Our road to parenthood was challenging and we were thrilled to finally welcome our first child, Oliver, on March 24, 2013. He was born with jaundice and had difficulty gaining weight from the start. Formula supplementation along with reflux meds were prescribed, little knowing this would be the beginning of our constant struggle to help him gain weight.

At two months, a grandparent mentioned that Oliver's eyes weren't tracking or following like a typical baby.  A pediatric ophthalmologist diagnosed Oliver with Cortical Vision Impairment (CVI), a condition where the brain does not properly communicate what the eyes are seeing. The ophthalmologist referred us to a neurologist and so began the dual worlds of medical testing and early intervention education and therapies.

Since we lacked a diagnosis for Oliver we did not know his prognosis or life expectancy.  This was both a dark time and a time of intense reflection for us, as we learned what really mattered in life. There were days Oliver would cry constantly or be extremely agitated/angry and we learned, in addition to his CVI, he had significant GI issues. Nothing however could keep him down and there were also many joyful days.  Oliver smiled and laughed early and to this day he is a world class snuggler.  

Two weeks prior to the birth of our neurotypical daughter we connected with a new team of doctors at Boston Children's Hospital.  More testing ensued and in a final ditch effort for answers our blood and Oliver’s was sent to BCH’s Manton Center for Orphan Disease Research. We were told it could take months or even years to hear anything, so we all but forget about the tests in the chaos of raising essentially two babies.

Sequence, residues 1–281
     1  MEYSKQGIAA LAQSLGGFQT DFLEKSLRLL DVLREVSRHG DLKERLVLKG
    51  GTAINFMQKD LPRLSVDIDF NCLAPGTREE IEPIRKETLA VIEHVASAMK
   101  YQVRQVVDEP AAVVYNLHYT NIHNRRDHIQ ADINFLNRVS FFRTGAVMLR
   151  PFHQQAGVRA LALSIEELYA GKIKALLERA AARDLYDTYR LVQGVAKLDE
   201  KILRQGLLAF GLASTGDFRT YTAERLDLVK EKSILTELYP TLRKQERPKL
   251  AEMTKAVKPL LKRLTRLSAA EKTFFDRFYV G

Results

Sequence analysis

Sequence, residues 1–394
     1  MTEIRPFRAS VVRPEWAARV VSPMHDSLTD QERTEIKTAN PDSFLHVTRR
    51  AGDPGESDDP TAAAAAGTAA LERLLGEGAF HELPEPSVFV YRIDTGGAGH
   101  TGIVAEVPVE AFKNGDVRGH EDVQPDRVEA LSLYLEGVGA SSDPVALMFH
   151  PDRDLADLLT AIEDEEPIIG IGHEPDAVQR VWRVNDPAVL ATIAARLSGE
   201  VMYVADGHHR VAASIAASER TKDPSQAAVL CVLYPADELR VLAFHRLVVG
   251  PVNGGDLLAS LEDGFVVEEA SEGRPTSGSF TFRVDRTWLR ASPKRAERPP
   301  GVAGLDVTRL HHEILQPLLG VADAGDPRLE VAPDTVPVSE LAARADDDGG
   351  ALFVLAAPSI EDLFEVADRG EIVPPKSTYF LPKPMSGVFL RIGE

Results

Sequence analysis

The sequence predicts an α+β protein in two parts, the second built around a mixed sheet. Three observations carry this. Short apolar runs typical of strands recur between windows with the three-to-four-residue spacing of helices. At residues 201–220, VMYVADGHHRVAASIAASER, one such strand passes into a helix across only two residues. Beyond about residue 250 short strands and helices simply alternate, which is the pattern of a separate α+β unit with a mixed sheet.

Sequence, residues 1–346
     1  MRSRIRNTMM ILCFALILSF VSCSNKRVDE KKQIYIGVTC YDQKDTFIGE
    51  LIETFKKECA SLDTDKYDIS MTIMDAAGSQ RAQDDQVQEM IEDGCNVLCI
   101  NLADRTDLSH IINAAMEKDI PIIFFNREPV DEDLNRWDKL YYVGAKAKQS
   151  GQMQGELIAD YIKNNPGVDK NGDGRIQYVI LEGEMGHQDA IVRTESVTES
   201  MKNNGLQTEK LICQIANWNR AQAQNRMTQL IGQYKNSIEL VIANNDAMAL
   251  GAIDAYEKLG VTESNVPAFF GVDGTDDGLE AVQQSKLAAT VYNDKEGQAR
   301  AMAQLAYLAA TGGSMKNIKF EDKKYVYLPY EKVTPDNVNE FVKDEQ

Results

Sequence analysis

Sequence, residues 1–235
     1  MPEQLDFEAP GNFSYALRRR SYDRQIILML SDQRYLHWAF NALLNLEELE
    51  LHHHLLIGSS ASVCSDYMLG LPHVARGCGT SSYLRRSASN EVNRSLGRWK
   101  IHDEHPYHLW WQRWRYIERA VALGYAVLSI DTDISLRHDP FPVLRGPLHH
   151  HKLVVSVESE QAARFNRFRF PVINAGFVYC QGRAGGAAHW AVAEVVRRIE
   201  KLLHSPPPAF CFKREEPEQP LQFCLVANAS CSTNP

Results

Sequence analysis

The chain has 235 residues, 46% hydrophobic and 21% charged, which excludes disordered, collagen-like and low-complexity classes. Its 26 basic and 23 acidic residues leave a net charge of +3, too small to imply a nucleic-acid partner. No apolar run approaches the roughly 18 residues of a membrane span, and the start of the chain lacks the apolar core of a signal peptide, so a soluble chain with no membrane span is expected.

The call came in September 2016 that researchers had found an answer and Oliver had a genetic variant called GRIN1.  We felt intense relief and excitement that the quest for answers was over. We immediately began to learn all we could about GRIN1 and connected with other parents whose GRIN1 children looked remarkably like Oliver and shared many of his struggles.

We looked forward to a lively discussion with our geneticist about GRIN1 at our confirmation appointment, but unfortunately, even at a world class hospital, we were met with skepticism and a lack of knowledge about whole exome sequencing. We left the appointment angry and deflated.  Thankfully we were able to connect with a new team at BCH who were studying GRIN variants and we finally felt we had found our medical family.

At almost 7 Oliver is non-ambulatory, non verbal, and receives most of his nutrition and medication through a G-tube. He loves the outdoors, music, and conversing in his own way with friends and family. His smile and infectious laughter can light up a room and he makes friends wherever he goes. The joy he brings our family is immeasurable and we will continue to be his advocate and champion, cheering loudly for every inchstone achieved.